"When I first saw the initial hit piece and Steve Dixon's comments I was disgusted. But having watched my own comments knowing how out of context they were betrayed to the Australian people, I knew he was stitched up," she said.
"I acknowledge Steve, made some inappropriate comments, however, let's not forget, he was set up.
"It was a ploy to destroy One Nation leading into the election. Steve has admitted and understands what he said wasn't the right thing but he was taken out of context, and a victim of entrapment.
"Sometimes we learn the hard way. We all deserve a second chance. That is exactly what Steve will get. I stand by Steve and James and so does the party."
Senator Hanson accused the media of "hate and bias" against her party in their coverage of the scandal.
"Today is a day of shame for the Australian media who have been sold a story that is too good to be true, and you took it hook, line and sinker.
"Media across Australia have been blinded by hate and bias towards One Nation and myself."
Senator Hanson made a direct appeal to new ABC chairwoman Ita Buttrose to stop the second part of the Al Jazeera documentary exposing her and her staff being broadcast on Thursday night.
In the latest installment of the investigation, Senator Hanson appeared to suggest the 1996 Port Arthur massacre was a government conspiracy.
But Senator Hanson said her comments were heavily edited.
"There is no doubt in my mind that Martin Bryant is the only person responsible for the murder of 35 innocent lives."
Liberal Party to preference One Nation below Labor
Senator Hanson, who took no questions, also responded to Prime Minister Scott Morrison's announcement that the Liberal Party will preference One Nation below Labor at the May election.
She said Mr Morrison had effectively handed victory to Labor's Bill Shorten.
"You're a fool."
Mr Morrison has faced repeated calls this week to preference the party last after an Al Jazeera undercover investigation recorded One Nation party officials seeking donations from the powerful US gun lobby and discussing weakening Australia's gun laws.
While Mr Morrison stopped short of committing to put the far-right minor party last, he said he had recommended to Liberal Party executives that One Nation be placed below Labor on their how-to-vote cards.
Mr Morrison said the party had accepted that recommendation.
“This is a decision which is based on our strong view about the sanctity of Australia’s gun laws,” Mr Morrison told reporters on Thursday in Perth.
On Wednesday, the Prime Minister said he would wait for the full list of nominations before making a decision, but he said One Nation's failure to address the scandal adequately convinced him to act now.
“Sadly I’m disappointed and I find the response to the actions of those One Nation officials unsatisfactory.”
The Nationals are yet to decide where they will preference One Nation with Deputy Leader Bridget McKenzie saying on Thursday that the decision was a matter for the state branches.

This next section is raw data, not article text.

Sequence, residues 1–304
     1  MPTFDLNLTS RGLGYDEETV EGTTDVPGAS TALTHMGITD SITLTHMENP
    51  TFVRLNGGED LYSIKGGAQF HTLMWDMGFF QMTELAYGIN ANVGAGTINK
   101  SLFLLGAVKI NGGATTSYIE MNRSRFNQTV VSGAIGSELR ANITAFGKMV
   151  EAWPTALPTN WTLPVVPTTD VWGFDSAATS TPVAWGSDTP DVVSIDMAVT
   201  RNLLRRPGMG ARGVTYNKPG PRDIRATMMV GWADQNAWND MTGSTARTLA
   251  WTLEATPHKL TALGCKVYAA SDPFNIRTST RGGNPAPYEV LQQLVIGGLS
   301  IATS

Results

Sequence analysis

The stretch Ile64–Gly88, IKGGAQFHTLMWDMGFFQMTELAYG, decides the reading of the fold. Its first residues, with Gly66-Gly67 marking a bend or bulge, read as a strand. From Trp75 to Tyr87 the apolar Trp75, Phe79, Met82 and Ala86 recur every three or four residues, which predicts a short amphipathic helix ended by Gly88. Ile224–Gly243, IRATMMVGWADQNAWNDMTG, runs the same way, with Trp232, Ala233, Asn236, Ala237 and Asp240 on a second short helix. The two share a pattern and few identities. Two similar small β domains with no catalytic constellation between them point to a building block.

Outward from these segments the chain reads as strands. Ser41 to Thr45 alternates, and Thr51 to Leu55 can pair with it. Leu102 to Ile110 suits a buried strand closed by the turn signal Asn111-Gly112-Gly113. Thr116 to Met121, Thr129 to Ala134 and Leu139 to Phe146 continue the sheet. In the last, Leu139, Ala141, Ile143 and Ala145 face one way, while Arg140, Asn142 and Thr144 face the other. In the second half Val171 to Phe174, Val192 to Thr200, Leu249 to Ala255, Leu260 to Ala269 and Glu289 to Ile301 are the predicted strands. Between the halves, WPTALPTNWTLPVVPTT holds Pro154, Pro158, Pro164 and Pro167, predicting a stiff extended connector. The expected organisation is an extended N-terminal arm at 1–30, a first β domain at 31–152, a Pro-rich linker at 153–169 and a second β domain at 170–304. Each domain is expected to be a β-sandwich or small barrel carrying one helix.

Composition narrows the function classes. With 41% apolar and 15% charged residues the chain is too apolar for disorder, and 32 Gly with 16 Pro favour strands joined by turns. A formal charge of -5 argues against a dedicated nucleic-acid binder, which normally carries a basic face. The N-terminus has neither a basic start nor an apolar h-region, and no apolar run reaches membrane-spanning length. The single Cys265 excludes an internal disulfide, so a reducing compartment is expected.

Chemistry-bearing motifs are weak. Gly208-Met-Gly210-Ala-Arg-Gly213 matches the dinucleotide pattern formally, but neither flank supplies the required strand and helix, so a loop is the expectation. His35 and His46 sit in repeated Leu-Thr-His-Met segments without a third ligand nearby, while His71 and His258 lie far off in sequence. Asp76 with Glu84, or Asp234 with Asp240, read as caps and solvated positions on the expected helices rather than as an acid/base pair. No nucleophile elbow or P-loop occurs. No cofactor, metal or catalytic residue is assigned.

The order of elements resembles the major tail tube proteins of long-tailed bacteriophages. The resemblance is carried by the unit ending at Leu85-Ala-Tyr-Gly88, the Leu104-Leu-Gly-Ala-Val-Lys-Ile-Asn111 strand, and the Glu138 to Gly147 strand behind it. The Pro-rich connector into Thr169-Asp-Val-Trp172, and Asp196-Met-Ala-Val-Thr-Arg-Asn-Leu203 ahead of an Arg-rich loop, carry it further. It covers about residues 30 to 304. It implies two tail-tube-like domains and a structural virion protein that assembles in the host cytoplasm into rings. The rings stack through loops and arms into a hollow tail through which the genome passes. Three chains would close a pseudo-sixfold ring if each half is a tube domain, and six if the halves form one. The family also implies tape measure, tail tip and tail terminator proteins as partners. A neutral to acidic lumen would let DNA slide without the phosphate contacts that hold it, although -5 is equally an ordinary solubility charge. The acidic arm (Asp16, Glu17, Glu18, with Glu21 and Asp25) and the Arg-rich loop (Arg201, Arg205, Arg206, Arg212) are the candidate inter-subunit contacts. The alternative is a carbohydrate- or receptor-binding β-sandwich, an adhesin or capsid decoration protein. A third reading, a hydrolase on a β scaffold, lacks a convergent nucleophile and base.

Mark Latham, who won a seat in the NSW upper house at the weekend's election, warned the Liberals' electoral fortunes would take a hit if One Nation took the same approach.
Greens a 'danger'
Mr Morrison also isn't ruling out putting One Nation higher than the Greens, describing them as a "real serious danger" to Australia.
"The Greens have opposed us on almost every national security legislation we have put into this parliament, they have actively worked against the safety of Australian people," Mr Morrison said.
Greens Leader Richard Di Natale said the announcement was not good enough.
"Unless you put One Nation last on your how to vote cards, you are effectively endorsing the views of a racist conspiracy theory, climate denying party."
He said it leaves the door open for a "grubby deal" with One Nation.
Hanson has 'a lot of questions' about Port Arthur
Hidden camera footage, released by Al Jazeera as part of an undercover operation, showed her saying she had "a lot of questions" about Port Arthur.
"An MP said it would actually take a massacre in Tasmania to change the gun laws in Australia," Senator Hanson told Al Jazeera reporter Rodger Muller.
"Haven't you heard that? Have a look at it. It was said on the floor of parliament.
"I've read a lot and I have read the book on it, Port Arthur. A lot of questions there."
But Nationals Deputy Leader Bridget McKenzie said the One Nation leader's comments were not worthy of media coverage.
"I think the less airtime we give these ridiculous comments from Pauline Hanson the better," Senator McKenzie told reporters on Thursday.
She also defended a government survey on the importance of shooting to Australia.
The questionnaire was issued last year and Senator McKenzie rejected questions about whether it should be pulled after the Christchurch mosque shootings.
"My question to you is are you conflating law abiding citizens participating lawfully in their sport with an extreme terrorist?"